Peninsula News may not have started without Cec

Peninsula News may never have started had it not been for Cec Bucello.
Soon after the Peninsula Newspaper association formed, it was looking for a commercial operator for the paper.
This would be a business that would produce and distribute the paper in return for the right to retain the advertising revenue.
Association president Mark Snell met Cec through a shared interest in bush dancing and Australian folk music.
Cec said he had previously worked for the Australian Government Publishing Service, where he had gained some publishing experience.
Then, after several years at the Australian Soccer Federation, Cec had started the soccer newspaper Inside Soccer and operated what may well have been the first soccer merchandise website, trading as Mail Order Mall.
Cec said he had moved to the Central Coast with the expectation of a “seachange”.
After a discussion with Mark, Cec offered to take the commercial operator role, a similar role to that he had at Inside Soccer.
Cec said that he started without any capital and that, for many years, the business was an edition-to-edition shoestring affair.
Despite growing to employ several paid staff members, it was not until three years ago that he was able to draw a regular wage of his own, he said.
Peninsula News started in the Woy Woy office of Open Windows Computer Consultancy, Mark Snell’s business.
The office came with desks, computers and room dividers, which went with Cec’s business as it moved from office to office. Cec still works at one of the original desks.
The first advertisement for the paper was in colour for Bruce Kerr’s real estate business.
“It paid for the printing,” Cec said.
For many years, the newspaper barely covered costs, with any drawings mainly being business-related.
His domestic costs were mainly covered by the work of his wife, Fran, as a book-keeper.
As well as being the main breadwinner, Fran also undertook the valuable and often invisible job of doing the business bookwork and managing its accounts.
As Peninsula News grew, Cec’s business moved to its own office near the corner of Blackwall and Victoria Rds, but soon outgrew it.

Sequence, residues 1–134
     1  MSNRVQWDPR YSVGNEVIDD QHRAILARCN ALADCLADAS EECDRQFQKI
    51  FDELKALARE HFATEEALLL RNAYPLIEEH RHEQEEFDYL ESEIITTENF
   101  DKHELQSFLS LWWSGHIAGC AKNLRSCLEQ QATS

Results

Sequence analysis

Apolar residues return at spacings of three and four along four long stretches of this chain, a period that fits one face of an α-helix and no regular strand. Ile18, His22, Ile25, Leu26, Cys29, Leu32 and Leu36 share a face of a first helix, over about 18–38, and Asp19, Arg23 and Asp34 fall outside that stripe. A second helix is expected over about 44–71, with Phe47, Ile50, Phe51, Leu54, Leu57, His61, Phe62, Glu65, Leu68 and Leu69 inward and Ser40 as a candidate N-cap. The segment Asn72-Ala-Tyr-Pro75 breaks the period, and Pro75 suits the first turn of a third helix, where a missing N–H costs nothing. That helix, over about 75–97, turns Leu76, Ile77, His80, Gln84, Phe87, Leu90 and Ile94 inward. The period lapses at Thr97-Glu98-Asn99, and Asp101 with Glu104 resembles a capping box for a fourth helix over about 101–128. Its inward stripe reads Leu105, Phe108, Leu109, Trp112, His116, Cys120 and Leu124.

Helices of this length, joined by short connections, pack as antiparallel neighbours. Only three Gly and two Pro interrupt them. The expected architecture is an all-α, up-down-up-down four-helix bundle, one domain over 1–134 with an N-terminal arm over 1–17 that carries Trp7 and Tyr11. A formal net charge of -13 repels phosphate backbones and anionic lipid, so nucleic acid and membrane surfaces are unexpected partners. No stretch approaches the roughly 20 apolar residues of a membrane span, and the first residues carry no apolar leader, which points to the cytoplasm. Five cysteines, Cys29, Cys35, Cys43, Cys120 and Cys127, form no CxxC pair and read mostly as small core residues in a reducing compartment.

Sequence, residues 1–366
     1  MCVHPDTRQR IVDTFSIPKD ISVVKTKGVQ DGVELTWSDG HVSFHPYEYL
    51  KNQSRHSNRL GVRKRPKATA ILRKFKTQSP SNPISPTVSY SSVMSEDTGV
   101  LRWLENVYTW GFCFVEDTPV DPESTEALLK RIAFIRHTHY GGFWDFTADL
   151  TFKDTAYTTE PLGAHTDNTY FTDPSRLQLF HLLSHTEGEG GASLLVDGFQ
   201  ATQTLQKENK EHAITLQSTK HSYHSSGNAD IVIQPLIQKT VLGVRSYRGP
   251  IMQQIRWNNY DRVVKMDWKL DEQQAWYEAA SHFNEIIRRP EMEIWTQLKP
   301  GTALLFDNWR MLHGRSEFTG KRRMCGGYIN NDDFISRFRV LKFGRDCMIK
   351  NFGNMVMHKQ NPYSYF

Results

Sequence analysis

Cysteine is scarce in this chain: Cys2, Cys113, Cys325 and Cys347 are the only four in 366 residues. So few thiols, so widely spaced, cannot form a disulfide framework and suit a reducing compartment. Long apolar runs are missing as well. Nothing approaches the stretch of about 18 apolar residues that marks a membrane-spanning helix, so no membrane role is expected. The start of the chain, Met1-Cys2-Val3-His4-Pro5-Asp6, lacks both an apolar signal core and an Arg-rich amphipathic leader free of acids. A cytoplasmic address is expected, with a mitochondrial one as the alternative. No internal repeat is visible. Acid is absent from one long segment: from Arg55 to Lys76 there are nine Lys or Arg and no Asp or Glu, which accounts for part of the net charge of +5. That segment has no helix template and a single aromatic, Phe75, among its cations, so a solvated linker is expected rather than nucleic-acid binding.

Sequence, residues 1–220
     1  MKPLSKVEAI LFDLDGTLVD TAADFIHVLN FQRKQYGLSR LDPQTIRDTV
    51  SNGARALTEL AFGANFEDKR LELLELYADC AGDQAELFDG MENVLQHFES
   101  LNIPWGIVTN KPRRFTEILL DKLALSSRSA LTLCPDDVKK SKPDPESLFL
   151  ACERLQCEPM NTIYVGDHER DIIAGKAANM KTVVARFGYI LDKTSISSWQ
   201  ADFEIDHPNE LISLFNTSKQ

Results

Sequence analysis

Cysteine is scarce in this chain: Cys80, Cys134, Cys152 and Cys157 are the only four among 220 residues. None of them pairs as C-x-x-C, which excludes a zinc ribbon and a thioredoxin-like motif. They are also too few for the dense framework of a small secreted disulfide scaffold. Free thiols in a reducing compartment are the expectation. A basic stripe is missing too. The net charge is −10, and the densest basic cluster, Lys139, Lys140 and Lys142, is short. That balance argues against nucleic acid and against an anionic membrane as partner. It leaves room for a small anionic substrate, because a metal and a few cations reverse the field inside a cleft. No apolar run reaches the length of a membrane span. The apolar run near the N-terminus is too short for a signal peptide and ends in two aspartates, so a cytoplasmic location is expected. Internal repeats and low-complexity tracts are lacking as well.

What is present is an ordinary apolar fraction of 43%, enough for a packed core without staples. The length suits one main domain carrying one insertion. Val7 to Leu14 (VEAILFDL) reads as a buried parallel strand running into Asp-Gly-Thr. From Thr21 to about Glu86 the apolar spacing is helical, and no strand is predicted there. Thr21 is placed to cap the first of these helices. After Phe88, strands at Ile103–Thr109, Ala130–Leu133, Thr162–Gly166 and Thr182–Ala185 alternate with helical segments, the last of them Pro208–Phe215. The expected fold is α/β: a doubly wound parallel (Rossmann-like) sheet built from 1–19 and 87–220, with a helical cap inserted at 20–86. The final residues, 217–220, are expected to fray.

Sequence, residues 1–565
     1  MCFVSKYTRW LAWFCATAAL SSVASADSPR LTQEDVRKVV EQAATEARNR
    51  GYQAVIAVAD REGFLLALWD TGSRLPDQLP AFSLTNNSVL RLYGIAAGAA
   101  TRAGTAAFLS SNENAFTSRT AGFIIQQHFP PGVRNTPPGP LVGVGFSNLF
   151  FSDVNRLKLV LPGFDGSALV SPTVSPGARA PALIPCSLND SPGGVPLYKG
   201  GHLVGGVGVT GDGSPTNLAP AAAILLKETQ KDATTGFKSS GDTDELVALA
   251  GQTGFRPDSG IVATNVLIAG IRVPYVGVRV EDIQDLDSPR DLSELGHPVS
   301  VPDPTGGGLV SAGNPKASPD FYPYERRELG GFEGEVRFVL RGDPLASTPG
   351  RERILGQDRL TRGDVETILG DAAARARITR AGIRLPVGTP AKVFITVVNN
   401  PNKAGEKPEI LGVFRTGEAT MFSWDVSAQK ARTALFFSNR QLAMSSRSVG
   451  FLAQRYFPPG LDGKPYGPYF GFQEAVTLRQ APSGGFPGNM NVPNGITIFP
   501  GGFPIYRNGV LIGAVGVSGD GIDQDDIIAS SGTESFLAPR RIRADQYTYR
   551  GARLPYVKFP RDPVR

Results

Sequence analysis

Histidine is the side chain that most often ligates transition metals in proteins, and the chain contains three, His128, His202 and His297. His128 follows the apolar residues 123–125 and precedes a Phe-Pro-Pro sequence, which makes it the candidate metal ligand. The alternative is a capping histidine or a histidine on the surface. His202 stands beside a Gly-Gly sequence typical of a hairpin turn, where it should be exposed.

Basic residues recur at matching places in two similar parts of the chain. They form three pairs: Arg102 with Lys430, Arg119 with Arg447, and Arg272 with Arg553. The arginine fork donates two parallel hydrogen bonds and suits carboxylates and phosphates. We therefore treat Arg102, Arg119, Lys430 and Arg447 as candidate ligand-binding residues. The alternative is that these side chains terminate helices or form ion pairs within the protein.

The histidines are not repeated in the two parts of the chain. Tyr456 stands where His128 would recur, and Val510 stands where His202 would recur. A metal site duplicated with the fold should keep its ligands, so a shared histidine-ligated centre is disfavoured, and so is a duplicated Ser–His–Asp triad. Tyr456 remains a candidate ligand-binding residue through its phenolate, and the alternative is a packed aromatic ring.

As the cost of renting an office rose, it cost less to service a loan to buy a shop in Tascott, where he stayed until the Global Financial Crisis in 2008.
Cec launched his own publications, the Greater Gosford News and the folk music magazine Trad and Now, from the Tascott office.
He also changed the trading name to Ducks Crossing Publications.
With the sale of the Tascott office, Cec moved his business to Erina St, Gosford.
As the Greater Gosford News struggled, Cec replaced it with a sports newspaper, Grandstand, which also did not survive.
In 2010, this was replaced with Coast Community News and, two years later, the Wyong Chronicle was launched. Both publications continue to be published.
With the advent of Coast Community News, the trading name for the newspapers changed again to Central Coast Newspapers.
The business remained in Erina St, Gosford, until March last year when it moved to bigger premises in Mann St.
In July last year, Cec sold the business and it became incorporated as Central Coast Newspapers Pty Ltd, with Ross Barry as the commercial operator.
Cec was appointed as CEO for a three-year transition to the new ownership.
Cec retains his Ducks Crossing Publications business, which continues to publish Trad and Now, and to sell related books and music by mail order.
He said he was not sure what he would do beyond his time with Central Coast Newspapers.
He would be too old to plan, he said.
“I won’t even be buying green bananas then.”
However, it is likely that Cec, who was one of the founders of Woy Woy’s Troubadour Folk Club, will “do a lot of travelling”, particularly on the folk festival circuit.

Interview (Mark Snell), 6 Aug 2020
Cec Bucello, Central Coast Newspapers